Note to self- don’t sit at the front of a speedboat; it hurts. And if the guy working on the boat, happily wearing nothing but joggers with a vest and no shoes, suddenly waves his arms and puts on a pair of goggles and life jacket, it’s a totally valid response to want to crap yourself.
Buenaventura, Colombia is certainly not the prettiest place I’ve ever visited. It has a reputation for being a dangerous and rugged industrial city and this isn’t entirely unfounded. The short walk from the bus terminal to the city pier was doused in rain as the smell of Pacifico cooking mixed with the thick exhaust of passing traffic. The entrance to the pier is lined with small stalls selling local produce, ranging from sickly pink cream liquors to creepy yet elaborate shell sculptures.
We bought our tickets and followed the rest of the travellers down to the bustling and quite confusing departure point where a number of boats called Lanchas were being packed full of passengers. One striking visual note was that all of the staff had black skin while the passengers on the boats were all of a lighter hue. Colombia is certainly a country of ethnic hierarchies.
Our boat journey to Ladrilleros and Juanchaco was a rocky one. As the last people to get on the boat, we took the only available seats left which were at the very front with the luggage. I hadn’t considered there might be a reason these seats hadn’t been taken and thought we’d lucked out with the best view for the journey. Technically that might have been true and the first fifteen minutes were deceptively smooth: a few novelty bumps across the waves and amazing sights of eagles, pelicans and frigate birds circling above forest-topped cliffs like Jurassic Park. But things soon changed.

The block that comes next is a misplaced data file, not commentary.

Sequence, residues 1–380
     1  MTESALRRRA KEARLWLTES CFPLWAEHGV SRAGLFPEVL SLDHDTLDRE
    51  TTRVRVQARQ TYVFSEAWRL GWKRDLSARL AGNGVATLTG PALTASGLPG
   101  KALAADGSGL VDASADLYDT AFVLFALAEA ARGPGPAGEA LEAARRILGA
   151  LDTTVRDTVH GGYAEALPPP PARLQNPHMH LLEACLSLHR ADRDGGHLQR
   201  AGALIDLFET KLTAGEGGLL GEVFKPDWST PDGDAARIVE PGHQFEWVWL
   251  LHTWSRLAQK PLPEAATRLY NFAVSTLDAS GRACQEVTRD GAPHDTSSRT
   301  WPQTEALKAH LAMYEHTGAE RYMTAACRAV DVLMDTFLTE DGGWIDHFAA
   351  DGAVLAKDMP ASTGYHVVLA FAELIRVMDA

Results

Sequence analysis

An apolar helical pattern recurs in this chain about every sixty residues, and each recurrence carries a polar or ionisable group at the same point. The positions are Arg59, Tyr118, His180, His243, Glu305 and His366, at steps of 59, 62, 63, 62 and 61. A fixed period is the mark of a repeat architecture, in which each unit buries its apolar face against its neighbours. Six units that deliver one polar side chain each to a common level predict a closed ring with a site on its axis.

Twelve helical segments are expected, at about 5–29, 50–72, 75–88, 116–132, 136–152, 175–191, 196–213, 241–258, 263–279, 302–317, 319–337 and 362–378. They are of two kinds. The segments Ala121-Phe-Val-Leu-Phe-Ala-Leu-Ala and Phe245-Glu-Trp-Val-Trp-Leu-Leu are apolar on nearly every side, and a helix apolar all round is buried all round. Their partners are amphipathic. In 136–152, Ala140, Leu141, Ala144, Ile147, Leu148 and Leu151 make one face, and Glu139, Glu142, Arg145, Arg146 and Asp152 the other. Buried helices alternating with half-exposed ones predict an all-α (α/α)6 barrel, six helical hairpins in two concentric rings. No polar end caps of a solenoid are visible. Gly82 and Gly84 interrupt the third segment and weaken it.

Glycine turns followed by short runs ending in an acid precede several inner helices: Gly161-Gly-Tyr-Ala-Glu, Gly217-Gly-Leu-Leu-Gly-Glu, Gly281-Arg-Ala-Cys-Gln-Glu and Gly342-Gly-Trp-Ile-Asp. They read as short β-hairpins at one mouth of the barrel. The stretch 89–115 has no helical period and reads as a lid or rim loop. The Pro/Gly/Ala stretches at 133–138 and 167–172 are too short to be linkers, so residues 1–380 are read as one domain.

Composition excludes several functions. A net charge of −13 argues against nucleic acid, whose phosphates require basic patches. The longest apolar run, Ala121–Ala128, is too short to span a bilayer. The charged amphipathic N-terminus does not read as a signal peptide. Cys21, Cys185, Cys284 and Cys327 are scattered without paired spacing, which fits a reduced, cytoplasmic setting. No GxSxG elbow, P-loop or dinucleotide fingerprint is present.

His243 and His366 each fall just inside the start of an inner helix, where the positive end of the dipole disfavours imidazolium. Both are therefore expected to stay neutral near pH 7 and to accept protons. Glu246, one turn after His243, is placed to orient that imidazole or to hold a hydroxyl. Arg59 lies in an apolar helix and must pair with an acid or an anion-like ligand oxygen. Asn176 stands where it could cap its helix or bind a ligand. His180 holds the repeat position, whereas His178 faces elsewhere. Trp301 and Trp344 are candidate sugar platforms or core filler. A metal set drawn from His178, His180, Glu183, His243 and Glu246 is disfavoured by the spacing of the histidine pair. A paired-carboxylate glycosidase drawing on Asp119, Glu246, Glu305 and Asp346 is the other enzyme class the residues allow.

Every wave we met threw us from our seats with a heavy smack back down. These were joined by screams ranging from joy to fear while the wind pushed my eyelashes back into my eyes and the sea spray began to feel like slaps in the face. It turned out, during this time, both my friend and I had been trying to judge whether we’d be able to swim to the nearest rock face if we had to, without getting our brains dashed out on the boulders.
An hour later we arrived at the tiny town of Juanchaco without throwing up and set off on the much more exciting second part of our journey- to see the whales.
Our boat sped to the area they’re known to pass through, and with the engine switched off, we waited. It wasn’t long until our guide spotted a shape in the distance and sure enough a fin cut through the surface of the water. It was followed by a huge blast of air and water as the colossal creature cleared its blowpipe. The sound was amazing. As clichéd as it is, seeing such a vast beautiful animal in such a vast endless ocean really makes you feel small.
I barely took photographs. I didn’t want to miss the majesty of the moment.
We saw a surprising number of them, while our captain maintained a safe distance so they weren’t disturbed. The highlight for me, and one that will forever be in my memory was when a whale lifted its tail high above the water and brought it crashing down on the surface again and again and again.